After your edit, i see that you have worked out some kinks, but you mentioned that "And through some weirdness of the SerialPort class, one instance of a serial port can't be both the sender and receiver" This is not true. The SerialPort class can be both the sender and the receiver. Since you state that things seem to workout somehow, i wont elaborate :) –  Lily Feb 17 '10 at 20:06
    
Well then it definitely sounds like the weirdness is not in the SerialPort class, but in coupling it with the virtual serial port software. –  Klay Feb 19 '10 at 13:24
    
+1 - Setting the RTS pin to Enabled was something I forgot. I forgot about hardware flow control. –  J. Polfer May 9 '10 at 16:27
port.DtrEnable = true;

This solved it for me, the DataTransmitReady flag was not enabled, so no data was received.

share|improve this answer
up vote 0 down vote accepted

I can only surmise that the problem was indeed with the Virtual Serial Port Emulator program. this is NOT to say there is a problem with that software: VSPE has worked very well for me so far. But there was some conflict between my code and how I had set up the VSPE connector.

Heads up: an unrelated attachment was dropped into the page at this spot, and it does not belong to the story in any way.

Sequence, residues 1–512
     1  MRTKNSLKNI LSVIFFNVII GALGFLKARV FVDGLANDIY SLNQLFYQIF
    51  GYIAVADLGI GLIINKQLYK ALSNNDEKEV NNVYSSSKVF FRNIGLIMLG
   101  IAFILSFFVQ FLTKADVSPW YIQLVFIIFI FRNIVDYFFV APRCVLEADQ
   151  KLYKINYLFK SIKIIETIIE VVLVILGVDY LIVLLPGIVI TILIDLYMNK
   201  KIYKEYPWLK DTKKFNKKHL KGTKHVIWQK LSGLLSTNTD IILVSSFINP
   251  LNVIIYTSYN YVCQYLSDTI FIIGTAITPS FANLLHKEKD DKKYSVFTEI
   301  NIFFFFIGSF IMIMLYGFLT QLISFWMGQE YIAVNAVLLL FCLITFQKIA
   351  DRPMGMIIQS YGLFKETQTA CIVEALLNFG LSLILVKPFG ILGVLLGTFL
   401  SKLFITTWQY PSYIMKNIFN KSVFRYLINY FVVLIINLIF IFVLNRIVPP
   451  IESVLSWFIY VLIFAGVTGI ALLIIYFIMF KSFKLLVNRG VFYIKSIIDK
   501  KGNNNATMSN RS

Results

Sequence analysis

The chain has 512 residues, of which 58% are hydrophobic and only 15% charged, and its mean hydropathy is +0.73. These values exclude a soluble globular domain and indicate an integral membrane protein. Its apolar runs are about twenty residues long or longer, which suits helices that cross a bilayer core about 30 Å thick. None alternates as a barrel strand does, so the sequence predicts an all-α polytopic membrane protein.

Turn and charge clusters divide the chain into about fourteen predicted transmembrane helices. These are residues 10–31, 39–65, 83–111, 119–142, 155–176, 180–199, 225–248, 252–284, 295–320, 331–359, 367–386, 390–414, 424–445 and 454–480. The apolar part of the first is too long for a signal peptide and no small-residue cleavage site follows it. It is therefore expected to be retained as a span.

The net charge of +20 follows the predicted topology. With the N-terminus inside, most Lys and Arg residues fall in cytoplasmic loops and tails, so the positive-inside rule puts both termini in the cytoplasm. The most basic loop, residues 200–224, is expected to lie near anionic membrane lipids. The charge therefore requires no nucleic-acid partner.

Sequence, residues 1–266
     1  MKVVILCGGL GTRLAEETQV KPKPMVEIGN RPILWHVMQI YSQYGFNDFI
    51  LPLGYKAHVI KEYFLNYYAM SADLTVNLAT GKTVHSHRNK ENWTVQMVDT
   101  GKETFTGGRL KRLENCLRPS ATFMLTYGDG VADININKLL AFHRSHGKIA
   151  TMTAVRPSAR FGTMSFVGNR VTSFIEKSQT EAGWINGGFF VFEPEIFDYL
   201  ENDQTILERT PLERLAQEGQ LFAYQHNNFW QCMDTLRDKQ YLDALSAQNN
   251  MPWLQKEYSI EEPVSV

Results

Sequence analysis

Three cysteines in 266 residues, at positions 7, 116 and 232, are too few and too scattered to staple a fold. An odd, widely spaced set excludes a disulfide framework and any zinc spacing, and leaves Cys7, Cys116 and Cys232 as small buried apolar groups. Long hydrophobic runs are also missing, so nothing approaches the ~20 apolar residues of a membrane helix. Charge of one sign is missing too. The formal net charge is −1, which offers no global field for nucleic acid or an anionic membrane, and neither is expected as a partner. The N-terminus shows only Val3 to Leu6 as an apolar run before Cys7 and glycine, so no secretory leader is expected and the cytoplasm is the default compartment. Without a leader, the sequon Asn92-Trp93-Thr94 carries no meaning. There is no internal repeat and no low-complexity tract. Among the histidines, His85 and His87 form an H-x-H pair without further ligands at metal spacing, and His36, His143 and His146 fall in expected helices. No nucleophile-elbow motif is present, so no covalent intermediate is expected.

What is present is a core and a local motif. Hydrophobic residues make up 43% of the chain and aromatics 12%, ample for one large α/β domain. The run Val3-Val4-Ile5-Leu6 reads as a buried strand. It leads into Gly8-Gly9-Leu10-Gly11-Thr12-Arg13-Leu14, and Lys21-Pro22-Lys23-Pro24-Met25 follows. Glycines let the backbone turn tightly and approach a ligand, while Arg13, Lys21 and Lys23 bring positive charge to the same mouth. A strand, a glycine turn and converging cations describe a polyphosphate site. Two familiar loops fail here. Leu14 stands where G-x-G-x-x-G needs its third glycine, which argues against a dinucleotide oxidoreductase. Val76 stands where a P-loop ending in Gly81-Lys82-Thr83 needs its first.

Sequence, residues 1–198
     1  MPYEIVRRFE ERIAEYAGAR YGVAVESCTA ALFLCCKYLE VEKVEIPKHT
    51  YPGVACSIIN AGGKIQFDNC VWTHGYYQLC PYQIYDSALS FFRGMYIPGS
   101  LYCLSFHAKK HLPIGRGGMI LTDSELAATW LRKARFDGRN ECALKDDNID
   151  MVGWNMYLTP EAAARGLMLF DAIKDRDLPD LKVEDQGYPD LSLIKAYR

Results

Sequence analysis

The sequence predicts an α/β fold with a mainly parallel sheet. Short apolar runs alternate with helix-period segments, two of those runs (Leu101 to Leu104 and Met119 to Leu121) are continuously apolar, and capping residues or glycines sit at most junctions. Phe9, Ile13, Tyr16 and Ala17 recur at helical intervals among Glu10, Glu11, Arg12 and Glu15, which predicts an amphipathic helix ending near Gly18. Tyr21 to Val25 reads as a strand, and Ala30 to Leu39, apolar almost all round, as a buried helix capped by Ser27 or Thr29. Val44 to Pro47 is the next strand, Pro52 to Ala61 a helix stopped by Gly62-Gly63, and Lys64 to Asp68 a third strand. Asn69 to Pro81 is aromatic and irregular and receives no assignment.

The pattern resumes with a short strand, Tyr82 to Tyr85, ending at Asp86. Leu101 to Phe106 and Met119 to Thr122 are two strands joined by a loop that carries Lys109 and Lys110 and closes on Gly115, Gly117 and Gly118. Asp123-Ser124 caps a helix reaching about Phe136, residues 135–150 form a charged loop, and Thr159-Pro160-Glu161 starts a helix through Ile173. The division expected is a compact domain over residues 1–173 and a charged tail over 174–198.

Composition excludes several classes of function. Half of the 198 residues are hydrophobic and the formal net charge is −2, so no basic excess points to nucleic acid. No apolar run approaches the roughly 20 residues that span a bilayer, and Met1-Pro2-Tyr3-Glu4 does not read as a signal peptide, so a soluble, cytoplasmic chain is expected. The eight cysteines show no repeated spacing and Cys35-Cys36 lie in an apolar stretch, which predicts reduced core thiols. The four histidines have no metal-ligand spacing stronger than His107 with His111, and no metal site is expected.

share|improve this answer

I have had similar issue when running such a driver from a Form, as well, though no VSPE just a plain SP. Believe this was a STA-model issue as moving to including it in a console app fixed enough.

share|improve this answer

I use VSPE too! It does work wonderfully.. I was having this same problem and the way I fixed it was to make the two com ports a PAIR in VSPE instead of just creating two virtual com ports

share|improve this answer

I ran into a similarly odd problem recently, but only on some machines. As Dave Swersky noted, this may have been a threading issue, especially if you were running under .NET 4.0 or later.

In .NET 4.0 the event handler is triggered on a ThreadPool thread, and under certain circumstances there may be a substantial delay before that occurs. (In my code, which had been working perfectly under .NET 2.0, problems were observed as soon as we upgraded to .NET 4.5. The event handler would often be triggered much later than would be expected, and sometimes it would not get triggered at all!)

Calling ThreadPool.SetMinThreads(...) with a bigger value for the completion threads made the issue disappear as quickly as it had arrived. In the context of our application ThreadPool.SetMinThreads(2, 4) was sufficient. On the machines where the problem was observed, the default values (as obtained by calling ThreadPool.SetMinThreads) were both 2.

share|improve this answer

Your Answer

 
discard

By posting your answer, you agree to the privacy policy and terms of service.

Not the answer you're looking for? Browse other questions tagged or ask your own question.